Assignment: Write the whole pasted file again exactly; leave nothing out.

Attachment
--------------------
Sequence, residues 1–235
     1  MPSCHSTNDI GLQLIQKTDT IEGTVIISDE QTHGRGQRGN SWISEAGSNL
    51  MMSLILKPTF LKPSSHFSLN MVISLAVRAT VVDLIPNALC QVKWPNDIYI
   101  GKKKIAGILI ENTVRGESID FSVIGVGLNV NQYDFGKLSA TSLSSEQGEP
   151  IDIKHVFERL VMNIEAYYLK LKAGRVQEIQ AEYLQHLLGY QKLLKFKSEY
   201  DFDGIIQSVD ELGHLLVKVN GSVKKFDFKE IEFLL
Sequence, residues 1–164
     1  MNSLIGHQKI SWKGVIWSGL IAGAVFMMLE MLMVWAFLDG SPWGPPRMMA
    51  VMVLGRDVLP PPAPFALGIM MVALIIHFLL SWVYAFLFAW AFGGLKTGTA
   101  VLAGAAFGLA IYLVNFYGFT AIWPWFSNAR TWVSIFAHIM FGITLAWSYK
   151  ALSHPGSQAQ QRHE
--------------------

Sequence, residues 1–235
     1  MPSCHSTNDI GLQLIQKTDT IEGTVIISDE QTHGRGQRGN SWISEAGSNL
    51  MMSLILKPTF LKPSSHFSLN MVISLAVRAT VVDLIPNALC QVKWPNDIYI
   101  GKKKIAGILI ENTVRGESID FSVIGVGLNV NQYDFGKLSA TSLSSEQGEP
   151  IDIKHVFERL VMNIEAYYLK LKAGRVQEIQ AEYLQHLLGY QKLLKFKSEY
   201  DFDGIIQSVD ELGHLLVKVN GSVKKFDFKE IEFLL
Sequence, residues 1–164
     1  MNSLIGHQKI SWKGVIWSGL IAGAVFMMLE MLMVWAFLDG SPWGPPRMMA
    51  VMVLGRDVLP PPAPFALGIM MVALIIHFLL SWVYAFLFAW AFGGLKTGTA
   101  VLAGAAFGLA IYLVNFYGFT AIWPWFSNAR TWVSIFAHIM FGITLAWSYK
   151  ALSHPGSQAQ QRHE